An oil industry geologist from Aberdeen has told Church of Scotland members that they must fight the threat of fracking on moral grounds.
Hannah-Mary Goodlad, moderator in-waiting of the National Youth Assembly, said technology was advancing so quickly that it would be perfectly safe to extract unconventional oil and gas from underneath the ground from an environmental perspective in about five years.
The 25-year-old, who was speaking in a personal capacity and not on behalf of her employer Statoil, told ministers and elders yesterday that they must argue that future energy needs must be met through renewables, not fossil fuels.
General Assembly commissioners have welcomed a Scottish Government moratorium on applications to drill for onshore shale oil and gas and called for a full regulatory process to be put in place before any are agreed.
Ms Goodlad, who is originally from Shetland, said: “I do not think that environmental reason alone is powerful enough (to stop fracking) – we should be looking at moral reasons.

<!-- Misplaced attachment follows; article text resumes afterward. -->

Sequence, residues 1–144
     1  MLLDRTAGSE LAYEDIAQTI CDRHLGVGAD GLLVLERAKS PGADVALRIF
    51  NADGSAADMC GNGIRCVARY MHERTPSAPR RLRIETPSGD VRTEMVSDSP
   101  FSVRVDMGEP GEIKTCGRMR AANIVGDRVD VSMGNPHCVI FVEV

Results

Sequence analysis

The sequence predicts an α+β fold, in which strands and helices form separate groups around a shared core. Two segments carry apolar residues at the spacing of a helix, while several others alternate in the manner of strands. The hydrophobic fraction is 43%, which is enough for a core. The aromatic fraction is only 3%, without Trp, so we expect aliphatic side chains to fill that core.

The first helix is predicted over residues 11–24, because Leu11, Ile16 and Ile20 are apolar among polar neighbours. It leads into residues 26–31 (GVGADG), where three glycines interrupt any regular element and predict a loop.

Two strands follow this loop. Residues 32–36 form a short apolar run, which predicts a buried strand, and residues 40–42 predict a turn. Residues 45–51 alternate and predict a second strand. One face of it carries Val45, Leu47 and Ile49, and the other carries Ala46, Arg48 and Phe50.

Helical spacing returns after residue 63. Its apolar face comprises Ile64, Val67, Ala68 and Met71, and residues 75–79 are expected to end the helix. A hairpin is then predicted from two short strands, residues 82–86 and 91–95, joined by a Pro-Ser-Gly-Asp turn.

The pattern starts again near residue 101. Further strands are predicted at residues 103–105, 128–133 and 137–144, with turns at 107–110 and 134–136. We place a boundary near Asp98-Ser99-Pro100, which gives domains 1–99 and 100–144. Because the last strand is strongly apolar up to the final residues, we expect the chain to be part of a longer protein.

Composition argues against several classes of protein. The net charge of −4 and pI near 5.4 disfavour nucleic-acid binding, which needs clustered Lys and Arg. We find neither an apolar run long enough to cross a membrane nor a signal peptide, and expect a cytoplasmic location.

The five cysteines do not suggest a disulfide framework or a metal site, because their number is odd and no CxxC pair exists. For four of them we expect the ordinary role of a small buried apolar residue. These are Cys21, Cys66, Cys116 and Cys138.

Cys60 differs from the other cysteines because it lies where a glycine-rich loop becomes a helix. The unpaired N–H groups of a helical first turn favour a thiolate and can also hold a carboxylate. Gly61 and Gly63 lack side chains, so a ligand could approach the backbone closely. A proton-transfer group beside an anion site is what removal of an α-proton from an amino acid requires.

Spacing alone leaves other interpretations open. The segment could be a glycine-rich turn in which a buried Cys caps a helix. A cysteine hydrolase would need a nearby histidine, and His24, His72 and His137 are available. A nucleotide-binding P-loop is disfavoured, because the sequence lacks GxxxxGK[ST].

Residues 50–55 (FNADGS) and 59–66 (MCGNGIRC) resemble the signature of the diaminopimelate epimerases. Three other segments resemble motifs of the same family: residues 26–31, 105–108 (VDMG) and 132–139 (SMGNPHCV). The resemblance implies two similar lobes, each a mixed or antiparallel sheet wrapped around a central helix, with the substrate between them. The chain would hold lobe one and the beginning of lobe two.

“The technology is moving very fast and in the next five years it will reach the point it is safe to frack in an environmentally safe way,” she added.
“So my point is we should be welcoming this moratorium on environmental grounds but as the Church we need to welcome it on moral reasons – the protection of God’s people and the planet.
“My main concern is fracking is not a sustainable and long-term solution to climate change that is threatening the planet.”
Ms Goodlad , who attends Queen’s Cross Church in Aberdeen, said human kind was “addicted to oil” and fracking was “fuelling our hydrocarbon habit”.
“As long as we keep giving our time, money and resources into developing unconventional sources of oil, it detracts away our energy from developing cleaner, renewable, cheaper and more reliable source of energy,” she added.
Ms Goodlad said she was a big fan of windfarms and described them as “beautiful and majestic”.
“Would you rather see a power plant billowing out black smoke or would you rather see clean, green, tall wind turbines adding to the landscape?” she asked.
Looking ahead to her year as moderator, which starts in August, Ms Goodlad said her top priority was trying to encourage more young people to attend church.
She added that she wanted to show her peers that they could “find a life full of meaning through faith”.
Ms Goodlad said: “We are so lonely and disengaged from one another, it’s about the self – we live in a bubble.
“Young folk are calling out for a sense of inclusion and being welcome and the Church can provide that.
“I want to make people aware that faith can give them so much, it has changed my life completely.”